> > caused the thresholds in the current pass. However, building these
> > partitions is not easy. The new pass is significantly larger and has some
> > rather complex parts. On the whole, I suspect it is worth it to get the
> > increased power and flexibility.
> >
> > The other major change is that I have tried to very heavily use
> InstVisitor
> > to drive the pass rather than writing out large loops with nested
> dyn-cast
> > chains. While the InstVisitor often ends up being significantly more
> lines
> > of code, I think the code is much better factored as a consequence.
> >
> >
> > I've attached a patch file, but really there isn't much of a patch. It's
> > brand new code. Probably the best way to read it is over on github:
> >
> https://github.com/chandlerc/llvm-hacking/blob/sroa-rewrite/lib/Transforms/Scalar/SROA.cpp
> >
> > There are still two major missing features:
> > 1) rewriting overlapping accesses which look like element accesses on a
> > vector to actually be element accesses on a vector
> > 2) adding an SSAUpdater mode for promotion
> >
> > #1 I'm currently working on.
> > #2 I would prefer to do in-tree as I would rather have it be obvious as
> the
> > code moves from one pass to the other. I don't expect any really
> significant
> > changes to this logic.
> >
> > I know that Ben has already read quite a bit of the implementation code,
> so
> > CC-ing him. Any comments or early review much appreciated.
> It looks like you're missing handling for debug intrinsics.

And lifetime intrinsics. Like I said, it's not complete. The big question
is when it is complete enough to go into the tree under a flag, vs. on by
default, etc.

I don't think your usage of inbounds for computing properties of GEPs is
> safe.

Nope. It's horribly broken. Thanks for pushing me on this issue, I had a
misunderstanding of how GEPs worked, because I assumed rather than reading
the spec carefully.

Funny thing? My assumption was based on the existing SROA pass which also
gets this wrong:

#include <stdio.h>
> struct S {
>   int x;
>   int __attribute__((vector_size(16))) v;
>   int y;
> };
> struct S f(int a, int b, int c, int i) __attribute__((noinline)) {
>   struct S s;
>   volatile int q = c;
>   s.x = a;
>   ((int*)&s.v)[i] = b;
>   s.y = q;
>   return s;
> }
> int main() {
>   struct S s = f(1, -1, 3, -1);
>   printf("%d %d\n", s.x, s.y);
> }

Clang miscompiles this program at -O2 because of SROA I think... At least,
the LLVM IR produced seems valid according to the spec of the IR, and the
transform applied by SROA seems invalid -- the index of -1 doesn't overflow
anything, it just walks past the end of a sequential type, which everything
indicates is allowed.

We happen to be getting away with this because this transform in the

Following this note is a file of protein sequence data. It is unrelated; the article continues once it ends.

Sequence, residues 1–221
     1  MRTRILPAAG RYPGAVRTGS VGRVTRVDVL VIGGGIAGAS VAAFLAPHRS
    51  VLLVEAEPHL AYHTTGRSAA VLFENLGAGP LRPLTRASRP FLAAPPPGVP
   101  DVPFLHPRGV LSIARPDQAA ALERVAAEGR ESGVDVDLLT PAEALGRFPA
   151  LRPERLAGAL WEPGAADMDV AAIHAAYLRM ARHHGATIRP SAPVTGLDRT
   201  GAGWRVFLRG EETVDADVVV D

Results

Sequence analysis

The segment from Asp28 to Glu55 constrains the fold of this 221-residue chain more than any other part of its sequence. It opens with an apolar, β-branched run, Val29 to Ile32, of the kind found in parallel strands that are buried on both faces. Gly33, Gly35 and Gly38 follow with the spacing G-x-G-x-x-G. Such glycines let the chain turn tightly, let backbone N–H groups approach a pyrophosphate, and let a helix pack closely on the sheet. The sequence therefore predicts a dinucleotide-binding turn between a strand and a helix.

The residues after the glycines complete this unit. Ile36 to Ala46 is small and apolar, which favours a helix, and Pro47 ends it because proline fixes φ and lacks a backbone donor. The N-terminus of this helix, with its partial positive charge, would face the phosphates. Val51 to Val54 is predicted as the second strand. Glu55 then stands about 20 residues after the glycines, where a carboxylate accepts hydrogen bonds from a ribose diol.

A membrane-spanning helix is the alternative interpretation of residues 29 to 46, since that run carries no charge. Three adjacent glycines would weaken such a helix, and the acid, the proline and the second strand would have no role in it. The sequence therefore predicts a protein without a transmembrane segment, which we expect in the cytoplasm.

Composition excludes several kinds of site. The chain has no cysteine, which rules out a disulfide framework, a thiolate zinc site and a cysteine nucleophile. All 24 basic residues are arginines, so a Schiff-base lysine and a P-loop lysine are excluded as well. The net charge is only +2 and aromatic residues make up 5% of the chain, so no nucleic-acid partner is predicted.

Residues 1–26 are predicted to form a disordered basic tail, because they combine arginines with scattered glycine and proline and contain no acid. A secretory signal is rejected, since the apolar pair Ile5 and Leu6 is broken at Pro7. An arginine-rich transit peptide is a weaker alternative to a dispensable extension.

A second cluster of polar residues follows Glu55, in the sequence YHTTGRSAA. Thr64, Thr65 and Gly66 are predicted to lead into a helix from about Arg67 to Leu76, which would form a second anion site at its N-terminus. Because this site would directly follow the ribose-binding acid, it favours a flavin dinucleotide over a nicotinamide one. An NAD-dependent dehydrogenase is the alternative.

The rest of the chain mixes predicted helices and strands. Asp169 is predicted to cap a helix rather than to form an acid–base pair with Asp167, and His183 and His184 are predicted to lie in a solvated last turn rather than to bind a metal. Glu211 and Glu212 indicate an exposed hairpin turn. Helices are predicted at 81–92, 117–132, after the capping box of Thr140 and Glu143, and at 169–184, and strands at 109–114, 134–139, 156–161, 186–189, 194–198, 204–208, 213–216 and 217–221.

existing SROA is only ever applied to vectors, never to arrays or pointers,
or anything that happens to be lowered as an array or pointer.

I'm inclined to completely remove this transform. It seems fundamentally
unsafe given the current spec of GEPs, and provides fairly limited benefit
if the frontend consistently lowers to insertelement and extractelement
(which it did in most of my experiments). If we want to support this
transform, I think we need to either extend GEP to have an optional
constraint on inbounds indexing within array and/or vector aggregates, or
we need to change the semantics of the existing 'inbounds' keyword to mean

How does your code handle accesses to following union?
> union DoubleBits {
>   double x;
>   int y[2];
> };

Hmm, interesting test case. It introduces a bitcast that disrupts
everything. Let me look at this and related stuff and try to handle it

> I'm sort of worried about allowing SROA so much freedom in terms of
> splitting memset/memcpy; your algorithm can turn a single memcpy into
> an arbitrary number of memcpys (which is a quadratic explosion in
> codesize in the worst case).  Not sure if it's an issue in practice.

Yes, this is the primary concern with the new algorithm. That said, the N*M
which explodes requires N overlapping splittable operations which overlap
with M disjoint un-splittable operations. My hope is that this latice
structure is very rare. Even better, whenever we start heavily splitting,
we're getting something out of it -- we're successfully isolating
un-splittable partitions which should form candidates for promotion.

Do you have any ideas for mitigating or bounding the growth that don't
devolve to heuristics?

> Minor nit:
>     if (SI.getOperand(0) == U.Ptr)
>       return false;
> This is overly tricky; SI.getOperand(1) != U.Ptr, please.